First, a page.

FC: FBI director-nominee is a veteran of computer crime prosecutions

From: Declan McCullagh (declanat_private)
Date: Sat Jul 07 2001 - 09:55:30 PDT

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    [Apparent tech-savviness, of course, is no guarantee that Mueller
    won't become as thoroughly bureacratized as Louis Freeh and proclaim
    that the FBI "has not given up on encryption"
    regulations. (http://www.politechbot.com/p-00232.html). --DBM]
       FBI: From G-Men to G4-Men?
       By Declan McCullagh (declanat_private)
       2:00 a.m. July 7, 2001 PDT
       WASHINGTON -- It turns out that Robert Mueller, President Bush's pick
       to revive the FBI's ailing image, has plenty of experience prosecuting
       computer crime.
       This week Bush nominated Mueller, 56, to succeed Louis Freeh -- whose
       eight years as FBI director was marked by a series of embarrassing
       scandals including the murders at Ruby Ridge, the Robert Hanssen spy
       scandal and misplaced documents in the Timothy McVeigh case.
       Freeh was a lifelong East Coast fed. Born in Jersey City, New Jersey,
       he graduated from Rutgers University in New Brunswick, New Jersey, and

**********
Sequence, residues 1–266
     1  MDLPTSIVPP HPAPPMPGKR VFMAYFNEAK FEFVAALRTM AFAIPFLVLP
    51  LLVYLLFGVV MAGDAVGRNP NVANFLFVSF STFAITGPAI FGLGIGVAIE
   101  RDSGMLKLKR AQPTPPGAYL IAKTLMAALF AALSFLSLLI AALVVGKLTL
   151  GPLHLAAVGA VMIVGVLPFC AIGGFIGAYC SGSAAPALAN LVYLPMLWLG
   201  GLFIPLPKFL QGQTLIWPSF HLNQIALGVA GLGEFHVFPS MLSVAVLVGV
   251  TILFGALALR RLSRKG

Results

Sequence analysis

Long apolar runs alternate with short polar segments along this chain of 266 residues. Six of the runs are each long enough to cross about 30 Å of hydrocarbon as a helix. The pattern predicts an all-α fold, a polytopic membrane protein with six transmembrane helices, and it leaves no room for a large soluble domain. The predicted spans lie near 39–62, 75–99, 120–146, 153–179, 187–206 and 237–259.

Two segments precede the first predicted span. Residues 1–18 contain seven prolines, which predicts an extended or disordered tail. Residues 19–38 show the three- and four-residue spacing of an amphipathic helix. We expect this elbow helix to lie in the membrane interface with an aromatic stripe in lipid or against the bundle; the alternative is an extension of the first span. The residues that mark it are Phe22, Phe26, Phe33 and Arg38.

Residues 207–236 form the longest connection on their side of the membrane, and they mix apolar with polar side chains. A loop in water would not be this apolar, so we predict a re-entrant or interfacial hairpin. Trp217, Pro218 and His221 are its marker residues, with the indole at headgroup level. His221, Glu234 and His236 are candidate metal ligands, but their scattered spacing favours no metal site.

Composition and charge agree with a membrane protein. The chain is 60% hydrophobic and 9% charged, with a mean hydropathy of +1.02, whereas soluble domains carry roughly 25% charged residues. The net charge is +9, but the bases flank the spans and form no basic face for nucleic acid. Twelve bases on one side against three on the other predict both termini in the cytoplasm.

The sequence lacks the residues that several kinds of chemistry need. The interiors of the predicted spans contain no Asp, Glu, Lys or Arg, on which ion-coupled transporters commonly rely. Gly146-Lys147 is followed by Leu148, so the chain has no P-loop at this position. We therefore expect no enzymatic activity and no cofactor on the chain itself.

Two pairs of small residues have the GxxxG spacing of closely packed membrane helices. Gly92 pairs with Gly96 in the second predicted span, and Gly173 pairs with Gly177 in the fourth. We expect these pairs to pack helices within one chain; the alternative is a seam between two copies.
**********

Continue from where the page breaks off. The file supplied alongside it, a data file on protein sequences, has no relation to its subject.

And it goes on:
won acclaim for his work against Sicilian gangsters who used pizza
       parlors to sell illicit drugs.
       Mueller, by contrast, is more West Coast.
       He started his legal career at a San Francisco law firm in 1973,
       worked in San Francisco as a federal prosecutor for six years and is
       currently the U.S. Attorney for Northern California. Mueller has also
       done stints in Boston and Washington, D.C.
       "He really knows the crime issues in the (tech) industry," said George
       Kennedy, the district attorney for Santa Clara County who has worked
       with Mueller over the last three years. "He will be a good man to have
       at the head of the FBI for those types of crimes."
       After moving back to San Francisco in 1999, Mueller created the
       Computer Hacking and Intellectual Property unit in San Jose.
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